Tag Info

New answers tagged


Just to confuse things, there is a compilation series released by Columbia Records Japan that seem to use all 3 spellings (I assume deliberately). Although the original album used the spelling 故郷 so read into that what you will. I have mainly come across it as ふるさと personally. !


I am going to say that this is more a matter of personal preference than anything. I hate to disappoint the (many) kanji-lovers on here but 「ふるさと」 in kana would be the most-often used way to write the word. 「故郷」 may be used just as often but it is read 「こきょう」 instead at least half the time. 「古里」 looks pretty corny and you will not see it as often as you ...


Anime characters are often the case since children cannot read kanji. ドラえもん ジャムおじさん タルるート


There's even an exceptional word which mixes hiragana, katakana, and kanji, くノ一. Generally speaking, words are written with mixed writing systems when there are reasons to write different parts in different ways. (Sounds obvious, huh?) For example, in Tokyo Nagoya's example of あんパン, the first morpheme comes from Chinese 餡{あん}, and the second from ...


バグる → (technology) to be buggy, not work correctly; freezing; crashing スマホ、バグッちゃった! → My smartphone froze/crashed/messed up!


After reading the first couple of examples in the comments I Googled them and discovered the English Wiktionary actually has an appendix of exactly these terms: Appendix:Japanese words written in mixed kana But they must be quite rare or the appendix very incomplete, because it currently only includes three words (plus one Proper noun): サボる ...


Yes - the weird one for me was always サボる because it even conjugates normally.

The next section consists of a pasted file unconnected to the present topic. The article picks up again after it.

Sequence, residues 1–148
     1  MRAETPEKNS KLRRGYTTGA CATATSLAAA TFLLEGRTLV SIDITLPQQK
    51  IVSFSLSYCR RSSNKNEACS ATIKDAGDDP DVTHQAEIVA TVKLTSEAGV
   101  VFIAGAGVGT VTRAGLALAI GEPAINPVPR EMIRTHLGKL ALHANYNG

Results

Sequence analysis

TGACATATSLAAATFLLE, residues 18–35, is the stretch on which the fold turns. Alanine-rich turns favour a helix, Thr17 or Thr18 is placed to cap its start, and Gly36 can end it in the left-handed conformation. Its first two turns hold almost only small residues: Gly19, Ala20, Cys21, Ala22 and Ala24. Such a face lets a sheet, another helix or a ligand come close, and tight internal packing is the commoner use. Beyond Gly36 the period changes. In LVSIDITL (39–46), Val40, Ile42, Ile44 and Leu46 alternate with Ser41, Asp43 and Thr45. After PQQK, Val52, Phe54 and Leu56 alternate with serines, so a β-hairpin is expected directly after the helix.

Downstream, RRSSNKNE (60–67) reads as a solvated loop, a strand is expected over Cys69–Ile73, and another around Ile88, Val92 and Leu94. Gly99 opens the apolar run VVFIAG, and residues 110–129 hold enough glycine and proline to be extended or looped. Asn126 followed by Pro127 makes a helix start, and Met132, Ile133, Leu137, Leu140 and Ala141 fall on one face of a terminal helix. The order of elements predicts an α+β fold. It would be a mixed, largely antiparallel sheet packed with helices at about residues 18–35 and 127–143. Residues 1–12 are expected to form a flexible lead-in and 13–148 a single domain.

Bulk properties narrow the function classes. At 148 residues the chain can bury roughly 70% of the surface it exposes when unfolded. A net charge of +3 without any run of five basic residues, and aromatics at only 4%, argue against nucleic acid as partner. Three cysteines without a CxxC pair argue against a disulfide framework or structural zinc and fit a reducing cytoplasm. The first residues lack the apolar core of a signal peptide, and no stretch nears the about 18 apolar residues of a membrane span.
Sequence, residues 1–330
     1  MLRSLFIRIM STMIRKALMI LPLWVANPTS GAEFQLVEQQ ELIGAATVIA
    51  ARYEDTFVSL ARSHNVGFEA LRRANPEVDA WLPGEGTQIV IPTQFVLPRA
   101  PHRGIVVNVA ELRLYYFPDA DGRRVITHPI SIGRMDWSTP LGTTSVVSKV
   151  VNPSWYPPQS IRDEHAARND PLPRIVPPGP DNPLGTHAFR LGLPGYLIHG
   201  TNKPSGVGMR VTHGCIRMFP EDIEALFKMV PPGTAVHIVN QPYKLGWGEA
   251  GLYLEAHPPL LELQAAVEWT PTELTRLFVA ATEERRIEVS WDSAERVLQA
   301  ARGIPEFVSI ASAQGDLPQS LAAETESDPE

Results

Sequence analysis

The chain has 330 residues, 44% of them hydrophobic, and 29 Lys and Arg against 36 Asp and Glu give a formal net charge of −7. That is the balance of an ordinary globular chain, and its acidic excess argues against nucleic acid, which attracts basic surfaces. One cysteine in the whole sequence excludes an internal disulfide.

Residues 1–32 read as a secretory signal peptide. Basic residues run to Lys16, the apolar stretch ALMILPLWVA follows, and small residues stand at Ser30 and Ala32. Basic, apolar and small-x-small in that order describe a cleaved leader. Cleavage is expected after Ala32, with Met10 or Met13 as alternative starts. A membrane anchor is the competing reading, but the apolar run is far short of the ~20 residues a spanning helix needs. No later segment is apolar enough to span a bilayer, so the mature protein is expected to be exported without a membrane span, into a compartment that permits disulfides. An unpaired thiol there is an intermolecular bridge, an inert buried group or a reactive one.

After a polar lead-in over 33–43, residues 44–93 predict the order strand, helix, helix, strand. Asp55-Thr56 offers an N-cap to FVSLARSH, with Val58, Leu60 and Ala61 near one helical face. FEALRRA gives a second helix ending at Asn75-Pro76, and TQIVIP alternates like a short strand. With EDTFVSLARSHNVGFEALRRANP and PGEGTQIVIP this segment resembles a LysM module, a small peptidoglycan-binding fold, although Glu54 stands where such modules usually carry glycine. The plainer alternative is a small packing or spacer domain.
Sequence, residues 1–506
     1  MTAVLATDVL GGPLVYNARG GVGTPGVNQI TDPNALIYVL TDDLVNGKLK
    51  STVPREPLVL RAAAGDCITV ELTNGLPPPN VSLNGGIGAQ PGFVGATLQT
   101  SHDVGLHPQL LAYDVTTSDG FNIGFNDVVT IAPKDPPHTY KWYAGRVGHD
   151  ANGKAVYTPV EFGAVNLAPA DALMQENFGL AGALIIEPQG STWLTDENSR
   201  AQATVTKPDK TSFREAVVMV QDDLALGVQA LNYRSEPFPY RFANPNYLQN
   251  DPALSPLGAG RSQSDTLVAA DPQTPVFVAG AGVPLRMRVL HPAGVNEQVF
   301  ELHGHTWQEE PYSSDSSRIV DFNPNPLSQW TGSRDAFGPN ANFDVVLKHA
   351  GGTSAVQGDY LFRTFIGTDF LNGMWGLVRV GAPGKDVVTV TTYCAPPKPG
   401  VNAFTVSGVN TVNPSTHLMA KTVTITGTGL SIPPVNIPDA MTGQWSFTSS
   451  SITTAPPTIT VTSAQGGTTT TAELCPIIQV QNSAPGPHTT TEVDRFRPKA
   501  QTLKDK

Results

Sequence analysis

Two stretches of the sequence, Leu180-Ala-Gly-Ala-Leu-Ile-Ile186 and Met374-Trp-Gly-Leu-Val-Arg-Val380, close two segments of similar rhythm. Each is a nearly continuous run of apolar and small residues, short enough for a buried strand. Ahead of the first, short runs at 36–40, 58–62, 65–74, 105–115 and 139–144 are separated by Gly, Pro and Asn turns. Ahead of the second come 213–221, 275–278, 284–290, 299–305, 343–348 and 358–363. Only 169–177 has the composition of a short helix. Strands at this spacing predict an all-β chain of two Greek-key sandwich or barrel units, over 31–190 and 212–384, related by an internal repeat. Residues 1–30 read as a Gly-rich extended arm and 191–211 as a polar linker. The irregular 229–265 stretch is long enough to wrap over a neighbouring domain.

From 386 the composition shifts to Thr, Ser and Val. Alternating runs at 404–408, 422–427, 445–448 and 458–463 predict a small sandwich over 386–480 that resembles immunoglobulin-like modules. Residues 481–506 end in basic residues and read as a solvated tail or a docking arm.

あんパン(bread roll filled with red bean paste)、 ピザまん(pizza flavored steamed bun)、 じゃがバター(baked/boiled potato topped with butter)、 みそラーメン(ramen with miso based soup)、 エロい(horny)、 ダサい(hickish), etc.


I'm just basically going to summarize the references from user3169. Until now I've never known that フケ can be written as 雲脂/頭垢. I don't think either form is common in ordinary use of the language, as it is normally written in Katakana. But at the same time they are clearly recognized well enough to be on Wikipedia. According to 語源由来辞典, 雲脂 is 当て字 that most ...


おてもと does refer to chopsticks but it is not "another word for chopsticks." That is, you won't say おてもとを取ってください nor 新しいおてもとを買ってこようかな. According to the source article that Chocolate's Wikipedia article mentions, the word came from a reference to "お手もと箸" (chopsticks for your personal use) in contrast to "お取り箸", which refers to chopsticks for shared dishes that ...


There's probably too many different reasons why カナ and 漢字 are used / not used in contemporary Japanese. I don't know all the rules, but I will mention two: (1) katakana are used when the 漢字 are considered too hard to write (癌 becomes ガン) and (2) grammatical uses of verbs, i.e. helping verb type uses do not use 漢字. × 出来る  ○ できる × 遊んで見る ○ 遊んでみる × 貰って下さる ○ ...


They are all variations of the same word. The only difference here is the degree of emphasis and where the emphasis is. For example, "っ" in "すっ" just represents a bit of pause between "す" and "げ". "ぇ", "え", and "ー" all represent dragging of the "げ" sound, but "ー" is longer than "え", and "ぇ" is a very short addition. None is more correct than others, and the ...


As it turns out, I actually researched this phenomenon the other day while doing some reading up on 旧字体【きゅうじたい】. As it turns out, what you're referring to are 書換字【かきかえじ】. Essentially, with the promogulation of the 当用漢字【とうようかんじ】 in 1946, the Japanese government decided to try to encourage some additional, more informal simplifications to bring vocabulary ...

Top 50 recent answers are included